3) Review of your PIOMAS CAB volume chart shows no material upside performing years in CAB loss from mid-June to end July although there are a few which were downside outliers. This chart features almost 20 15 years of data.
4) The only year which outperformed 2019 by enough to close the 700k CAB gap was 2012.

I haven't checked 1 numerically, but it seems correct.
I note the gap to 2012 is 570k.
4 years have lost more CAB volume than 2019 in the period from day 151 to day 255 (try to find out which). None of them lost enough to close a 700k gap nor a 570k gap (try to find out what gap they could close).

I also note that in the Inner Basin seas Beaufort+Chukchi+ESS+Laptev+Kara 2020 is at record low, with a gap of 910k above 2012, and 192k above 2019. Does that mean anything? I think it does. When the ice runs out in the ESS, melt continues in the adjacent CAB, and doesn't magically stop at the border between them.

Will 2020 break 2012's volume record or 2019's 2nd place? I can't say. Currently the Inner Basin sports relatively little heat, little sun and little export. This way it's hard to break records despite the early preconditioning. Surely if the sun fails to come out in the very near future, with some favorable weather pattern, probability of extreme melt year will strongly recede. But if the weather pattern changes to a favorable one for ice melt and export, I don't think the current volume level and distribution will be a good enough insurance. The season is still early enough for surprises.

Phoenix

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Re: PIOMAS 2020 September Prediction
« Reply #10 on: June 08, 2020, 10:13:05 AM »
1) Historical data supports an assumption that CAB volume will be ~ 90% of final volume.
2) CAB volume this year is ~ 700K > last year.
3) Review of your PIOMAS CAB volume chart shows no material upside performing years in CAB loss from mid-June to end July although there are a few which were downside outliers. This chart features almost 20 15 years of data.
4) The only year which outperformed 2019 by enough to close the 700k CAB gap was 2012.

I haven't checked 1 numerically, but it seems correct.
I note the gap to 2012 is 570k.
4 years have lost more CAB volume than 2019 in the period from day 151 to day 255 (try to find out which). None of them lost enough to close a 700k gap nor a 570k gap (try to find out what gap they could close).

I also note that in the Inner Basin seas Beaufort+Chukchi+ESS+Laptev+Kara 2020 is at record low, with a gap of 910k above 2012, and 192k above 2019. Does that mean anything? I think it does. When the ice runs out in the ESS, melt continues in the adjacent CAB, and doesn't magically stop at the border between them.

Will 2020 break 2012's volume record or 2019's 2nd place? I can't say. Currently the Inner Basin sports relatively little heat, little sun and little export. This way it's hard to break records despite the early preconditioning. Surely if the sun fails to come out in the very near future, with some favorable weather pattern, probability of extreme melt year will strongly recede. But if the weather pattern changes to a favorable one for ice melt and export, I don't think the current volume level and distribution will be a good enough insurance. The season is still early enough for surprises.

Thank you for providing some QA on those points Oren. I note that Point #3 isn't specifically addressed as it speaks to consistent results from day 165 - 210 and your response addresses days 151-255.

The relative advanced state of the Siberian and Atlantic Seas is noted as is the slower state of the Pacific Seas. In the absence of a way to quantify these things, it seems like these are offsetting. I do have the question in my mind about how much the ice melting accelerates as a result of the adjacent open water (vs. the ongoing melting process from insolation and heat). I don't think there is math available for that, so I won't trouble you with asking.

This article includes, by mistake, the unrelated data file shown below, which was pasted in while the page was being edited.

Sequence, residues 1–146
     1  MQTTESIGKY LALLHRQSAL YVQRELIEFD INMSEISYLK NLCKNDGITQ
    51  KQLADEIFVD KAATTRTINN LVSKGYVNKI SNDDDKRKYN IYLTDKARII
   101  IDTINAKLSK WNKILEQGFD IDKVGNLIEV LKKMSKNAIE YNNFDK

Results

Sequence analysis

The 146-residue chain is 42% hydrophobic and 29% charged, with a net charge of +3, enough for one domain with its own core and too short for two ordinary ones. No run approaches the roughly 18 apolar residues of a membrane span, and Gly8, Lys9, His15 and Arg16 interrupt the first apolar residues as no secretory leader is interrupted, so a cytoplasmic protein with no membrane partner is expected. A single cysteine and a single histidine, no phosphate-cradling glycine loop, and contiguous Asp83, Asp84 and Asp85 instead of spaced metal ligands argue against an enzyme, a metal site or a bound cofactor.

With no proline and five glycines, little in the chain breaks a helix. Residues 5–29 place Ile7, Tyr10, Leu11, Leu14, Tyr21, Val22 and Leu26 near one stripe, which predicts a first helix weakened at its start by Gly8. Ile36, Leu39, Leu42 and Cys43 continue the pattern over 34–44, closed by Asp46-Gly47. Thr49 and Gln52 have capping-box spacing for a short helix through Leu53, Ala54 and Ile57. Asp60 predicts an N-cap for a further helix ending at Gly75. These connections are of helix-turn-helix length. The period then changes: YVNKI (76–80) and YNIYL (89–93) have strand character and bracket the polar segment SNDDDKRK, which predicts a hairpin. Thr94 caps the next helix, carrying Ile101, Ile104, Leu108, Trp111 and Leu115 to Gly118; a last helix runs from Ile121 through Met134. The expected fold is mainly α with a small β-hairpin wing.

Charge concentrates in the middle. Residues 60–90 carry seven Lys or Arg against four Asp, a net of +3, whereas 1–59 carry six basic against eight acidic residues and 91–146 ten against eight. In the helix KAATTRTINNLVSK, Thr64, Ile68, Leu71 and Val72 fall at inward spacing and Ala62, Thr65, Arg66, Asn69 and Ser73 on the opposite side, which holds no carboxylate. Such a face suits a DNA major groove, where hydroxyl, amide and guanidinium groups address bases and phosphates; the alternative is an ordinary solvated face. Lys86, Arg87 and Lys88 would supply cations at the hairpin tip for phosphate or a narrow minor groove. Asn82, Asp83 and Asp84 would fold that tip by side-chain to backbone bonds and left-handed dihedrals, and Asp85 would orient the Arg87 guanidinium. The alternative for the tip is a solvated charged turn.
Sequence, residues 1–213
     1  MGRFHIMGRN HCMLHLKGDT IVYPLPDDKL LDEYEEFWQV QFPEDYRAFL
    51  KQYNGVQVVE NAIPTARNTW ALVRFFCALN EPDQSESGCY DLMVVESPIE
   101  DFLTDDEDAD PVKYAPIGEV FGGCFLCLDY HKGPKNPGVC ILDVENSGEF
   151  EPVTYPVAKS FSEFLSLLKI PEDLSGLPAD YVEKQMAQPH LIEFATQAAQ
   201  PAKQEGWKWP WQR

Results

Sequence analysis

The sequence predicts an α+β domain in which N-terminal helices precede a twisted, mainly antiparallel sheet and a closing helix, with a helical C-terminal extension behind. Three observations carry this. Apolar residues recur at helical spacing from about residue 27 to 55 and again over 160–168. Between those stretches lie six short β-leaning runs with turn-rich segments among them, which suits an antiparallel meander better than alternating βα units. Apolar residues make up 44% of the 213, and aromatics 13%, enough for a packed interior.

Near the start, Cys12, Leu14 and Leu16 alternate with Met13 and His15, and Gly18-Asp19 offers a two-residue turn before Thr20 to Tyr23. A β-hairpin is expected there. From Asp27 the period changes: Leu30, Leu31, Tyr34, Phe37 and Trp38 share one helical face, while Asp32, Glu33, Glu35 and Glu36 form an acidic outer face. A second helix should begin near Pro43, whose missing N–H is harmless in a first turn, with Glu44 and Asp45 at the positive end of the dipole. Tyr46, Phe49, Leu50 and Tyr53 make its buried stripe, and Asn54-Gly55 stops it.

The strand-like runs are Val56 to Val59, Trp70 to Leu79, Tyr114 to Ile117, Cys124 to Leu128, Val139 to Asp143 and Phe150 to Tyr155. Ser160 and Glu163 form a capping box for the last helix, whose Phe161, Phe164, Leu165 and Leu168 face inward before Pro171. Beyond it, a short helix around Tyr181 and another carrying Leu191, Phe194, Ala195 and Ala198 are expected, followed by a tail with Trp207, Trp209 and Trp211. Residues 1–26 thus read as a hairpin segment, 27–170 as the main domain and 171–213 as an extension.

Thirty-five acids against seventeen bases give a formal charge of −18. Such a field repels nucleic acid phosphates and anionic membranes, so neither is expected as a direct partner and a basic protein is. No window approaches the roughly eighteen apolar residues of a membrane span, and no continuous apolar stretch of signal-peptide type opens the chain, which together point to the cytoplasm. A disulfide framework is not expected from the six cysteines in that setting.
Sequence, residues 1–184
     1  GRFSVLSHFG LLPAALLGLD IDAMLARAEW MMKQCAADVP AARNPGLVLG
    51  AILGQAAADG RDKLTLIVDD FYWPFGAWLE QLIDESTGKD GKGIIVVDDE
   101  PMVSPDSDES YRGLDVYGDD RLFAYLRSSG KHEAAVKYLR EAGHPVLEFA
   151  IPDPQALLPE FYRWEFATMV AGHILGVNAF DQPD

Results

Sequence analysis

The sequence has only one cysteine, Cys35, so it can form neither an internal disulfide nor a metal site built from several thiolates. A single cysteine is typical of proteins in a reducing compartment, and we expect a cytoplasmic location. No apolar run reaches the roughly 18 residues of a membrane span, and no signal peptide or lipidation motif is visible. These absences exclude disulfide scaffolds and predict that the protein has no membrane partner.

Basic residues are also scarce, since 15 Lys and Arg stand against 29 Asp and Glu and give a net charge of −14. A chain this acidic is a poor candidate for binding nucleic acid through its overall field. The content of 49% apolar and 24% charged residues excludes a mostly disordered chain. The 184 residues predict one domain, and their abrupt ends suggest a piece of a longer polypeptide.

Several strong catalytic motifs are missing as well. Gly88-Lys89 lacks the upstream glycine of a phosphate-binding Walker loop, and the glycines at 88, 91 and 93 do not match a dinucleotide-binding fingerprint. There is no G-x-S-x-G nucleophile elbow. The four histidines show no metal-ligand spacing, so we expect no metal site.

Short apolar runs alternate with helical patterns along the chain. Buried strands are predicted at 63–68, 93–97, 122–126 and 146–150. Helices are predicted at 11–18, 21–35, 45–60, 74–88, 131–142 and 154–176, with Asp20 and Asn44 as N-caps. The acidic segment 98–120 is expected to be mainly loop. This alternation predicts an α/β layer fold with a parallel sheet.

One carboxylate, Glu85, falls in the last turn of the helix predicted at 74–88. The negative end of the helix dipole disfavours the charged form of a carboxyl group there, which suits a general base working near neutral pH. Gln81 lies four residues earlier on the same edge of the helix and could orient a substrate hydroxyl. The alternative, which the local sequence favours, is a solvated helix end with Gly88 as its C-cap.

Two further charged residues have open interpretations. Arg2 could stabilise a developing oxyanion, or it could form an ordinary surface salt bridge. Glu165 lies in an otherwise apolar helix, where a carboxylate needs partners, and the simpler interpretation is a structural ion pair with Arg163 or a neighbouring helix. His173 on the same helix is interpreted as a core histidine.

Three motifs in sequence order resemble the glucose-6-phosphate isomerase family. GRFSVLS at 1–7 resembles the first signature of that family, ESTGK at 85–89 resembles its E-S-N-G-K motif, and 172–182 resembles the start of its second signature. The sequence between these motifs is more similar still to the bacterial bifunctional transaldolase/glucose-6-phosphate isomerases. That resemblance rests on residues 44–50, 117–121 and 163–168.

I don't know which of the four years exceeded 2019 in volume loss from day 151. The chart is tough to read with so many lines scrunched close together and my eyes are struggling enough as is. I would guess 2012 and 2016 are two of them. Perhaps 2011. I wish the PIOMAS numbers were given as they are with the 2D measures, so I don't have to check by eyeballing. But it's not like I'm a paying customer or anything, so grateful for what I'm getting for free. If you want to share the four years and the maximum variation vs. 2019, that's your choice.

I have raised a question about how we quantify the materiality of potential export in the PIOMAS thread, so I won't raise it again here. It is the potential to assist in answering questions like these which made the observation of consistent performance in days 165-210 seem a bit exciting for me. There is interest in more numbers (vs. Wip's graphs) of Fram export over time, but again, I pay nothing here so I don't have any cause to expect more information.

I'm promised to do my best to answer the hypothetical question of what would happen if we began the season with only CAB ice in March. The answer is that I don't know. In March, this ice might still expand some into the periphery before the contraction begins because March is still freezing weather. Certainly the peripheral ocean surface would warm faster with no ice albedo and attack from all sides, including through CAA. i would wonder what impact this hypothetical has on the prevailing winds. if there is still a gyre with no ice, the lack of buttressing would make the pack infinitely more mobile and perhaps the entire cab ice would rotate toward Fram and be sucked away. I'm not a mind reader so i don't what attribute you and pleun had in mind.

oren

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Re: PIOMAS 2020 September Prediction
« Reply #11 on: June 08, 2020, 11:40:26 AM »
Here's some CAB daily volume data for selected days of the year, courtesy of my PIOMAS spreadsheet. Why not open an online spreadsheet, such as google docs, and play around with the data a bit? You can do that with a tablet or phone, no need for a computer.
If this is too difficult, why not take a math paper and do some analysis by hand and calculator?